Playing video games for hours on end may prepare young Billy to become a laparoscopic surgeon one day, a study from York University has shown.
The findings, published online in the journal CORTEX, demonstrate that playing video games reorganizes the brain’s activity and can lead to better control of skilled movements. Alterations to the brain’s cortical network in young men who have significant experience playing video games gives them an advantage not only in playing the games, the study concludes, but in performing other dissociated visuomotor tasks.
The most common example of a dissociated visuomotor task – in which visual information received by the brain is dissociated from the required motor action – is using a mouse while focusing on a computer screen. A much more challenging dissociated visuomotor task would be performing laparoscopic surgery.
The study’s conclusion that using gaming skills can reorganize how the brain works also offers hope for future research into the problems experienced by patients with early Alzheimer’s disease, who struggle to complete the simplest visuomotor tasks.
|Above: The study compared a group of avid video gamers with those who did not have the experience of playing. Using high-resolution brain imaging, researchers were able to test how skills learned from gaming can transfer to new tasks. Photo: Wikimedia Commons.|
The study compared a group of 13 young men in their 20s, who had played video games at least four hours a week for the previous three years and were very proficient, to a group of 13 young men who did not have that experience. After some training, the subjects were placed in a functional magnetic resonance imaging (fMRI) machine and asked to do a series of increasingly difficult tasks, such as using a joystick or looking one way while reaching another way. The fMRI machine imaged cortical activity as their brains planned to do the tasks, so the results were not affected by any physical movement.
“By using high-resolution brain imaging (fMRI), we were able to actually measure which brain areas were activated at a given time during the experiment,” says Lauren Sergio (right), a professor in the School of Kinesiology & Health Science in York’s Faculty of Health. “We tested how the skills learned from video game experience can transfer over to new tasks, rather than just looking at brain activity while the subject plays a video game.”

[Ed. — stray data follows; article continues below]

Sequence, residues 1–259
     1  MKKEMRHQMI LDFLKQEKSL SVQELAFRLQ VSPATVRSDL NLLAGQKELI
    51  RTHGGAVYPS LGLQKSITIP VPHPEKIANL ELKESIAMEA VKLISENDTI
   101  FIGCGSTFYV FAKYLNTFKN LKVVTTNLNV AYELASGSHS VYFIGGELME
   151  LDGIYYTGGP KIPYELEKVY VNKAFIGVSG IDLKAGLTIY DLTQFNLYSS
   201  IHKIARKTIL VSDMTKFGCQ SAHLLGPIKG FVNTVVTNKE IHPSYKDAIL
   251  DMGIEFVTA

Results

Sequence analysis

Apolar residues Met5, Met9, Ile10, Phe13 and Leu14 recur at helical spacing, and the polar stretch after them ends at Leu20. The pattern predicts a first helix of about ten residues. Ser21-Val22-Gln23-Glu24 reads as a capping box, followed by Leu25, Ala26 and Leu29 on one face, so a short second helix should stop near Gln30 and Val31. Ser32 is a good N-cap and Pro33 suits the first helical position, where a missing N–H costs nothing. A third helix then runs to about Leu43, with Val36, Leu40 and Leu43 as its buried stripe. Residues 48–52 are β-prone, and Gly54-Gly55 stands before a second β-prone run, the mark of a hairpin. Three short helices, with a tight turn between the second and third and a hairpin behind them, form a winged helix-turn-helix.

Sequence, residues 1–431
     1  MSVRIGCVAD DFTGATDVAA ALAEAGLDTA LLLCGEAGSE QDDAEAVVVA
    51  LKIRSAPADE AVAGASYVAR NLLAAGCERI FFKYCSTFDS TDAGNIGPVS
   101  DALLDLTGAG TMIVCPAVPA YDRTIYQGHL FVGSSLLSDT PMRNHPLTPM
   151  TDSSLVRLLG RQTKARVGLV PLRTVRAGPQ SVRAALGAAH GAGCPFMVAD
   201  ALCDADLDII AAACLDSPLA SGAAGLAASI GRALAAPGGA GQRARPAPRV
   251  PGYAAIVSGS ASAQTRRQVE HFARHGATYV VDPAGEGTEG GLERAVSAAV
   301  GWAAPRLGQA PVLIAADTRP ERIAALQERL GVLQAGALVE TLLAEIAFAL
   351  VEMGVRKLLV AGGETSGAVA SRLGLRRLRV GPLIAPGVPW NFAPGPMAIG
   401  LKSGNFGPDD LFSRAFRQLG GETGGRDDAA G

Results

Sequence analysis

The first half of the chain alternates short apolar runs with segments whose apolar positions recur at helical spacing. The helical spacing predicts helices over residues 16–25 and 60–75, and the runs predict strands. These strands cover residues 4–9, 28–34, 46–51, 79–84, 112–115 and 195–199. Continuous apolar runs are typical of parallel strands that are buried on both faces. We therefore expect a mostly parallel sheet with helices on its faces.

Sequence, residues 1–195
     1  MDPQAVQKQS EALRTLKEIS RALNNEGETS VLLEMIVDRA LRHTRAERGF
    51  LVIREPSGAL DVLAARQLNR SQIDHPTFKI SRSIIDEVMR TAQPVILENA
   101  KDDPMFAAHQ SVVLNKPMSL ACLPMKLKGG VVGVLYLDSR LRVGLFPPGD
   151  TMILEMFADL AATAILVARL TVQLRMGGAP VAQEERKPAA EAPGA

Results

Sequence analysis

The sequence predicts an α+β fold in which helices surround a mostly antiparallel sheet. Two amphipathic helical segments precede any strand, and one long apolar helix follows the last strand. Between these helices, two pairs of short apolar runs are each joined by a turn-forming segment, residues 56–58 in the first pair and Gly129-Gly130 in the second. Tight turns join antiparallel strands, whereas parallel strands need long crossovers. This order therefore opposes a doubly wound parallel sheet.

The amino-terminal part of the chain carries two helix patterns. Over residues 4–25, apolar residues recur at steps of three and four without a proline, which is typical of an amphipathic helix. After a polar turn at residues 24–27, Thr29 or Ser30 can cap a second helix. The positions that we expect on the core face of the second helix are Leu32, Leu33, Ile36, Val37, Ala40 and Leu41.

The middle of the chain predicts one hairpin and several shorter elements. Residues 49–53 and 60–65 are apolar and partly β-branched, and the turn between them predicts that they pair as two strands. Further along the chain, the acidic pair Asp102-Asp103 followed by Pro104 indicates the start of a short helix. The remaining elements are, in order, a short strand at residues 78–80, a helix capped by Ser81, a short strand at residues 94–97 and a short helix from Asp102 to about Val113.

Sergio supervised the study by graduate student and lead author Joshua Granek (BSc. Spec. Hons. ’06, MSc. ’08), now a PhD student at York, and Diana Gorbet (MSc. ’02, PhD ’06), a PhD student at the time. All work in York’s Centre for Vision Research.
The parietal cortex is the part of the brain that a person typically relies on most in complex eye-hand tasks to translate what he or she sees into an action, with less reliance on the prefrontal cortex. The study found that in experienced video gamers’ brains, there is increased activity in the prefrontal cortex.
“We had noticed differences in brain activity between two gamers and other subjects in an earlier pilot study. We decided to do a study with an fMRI because we were curious about the differences in brain activity between skilled gamers and people with much less experience,” says Granek. “The video gamers exhibited increased activity in the prefrontal cortex, which is at the very front of the brain. While performing the same task, the less-experienced players – the people in the control group – used predominantly the parietal cortex, farther back.”
In the future, it would be interesting to study if the brain pattern changes are affected by the type of video games a player has used and the actual total number of hours he has played, Granek says, and to study female video gamers, whose brain patterns in earlier studies were different than those of males.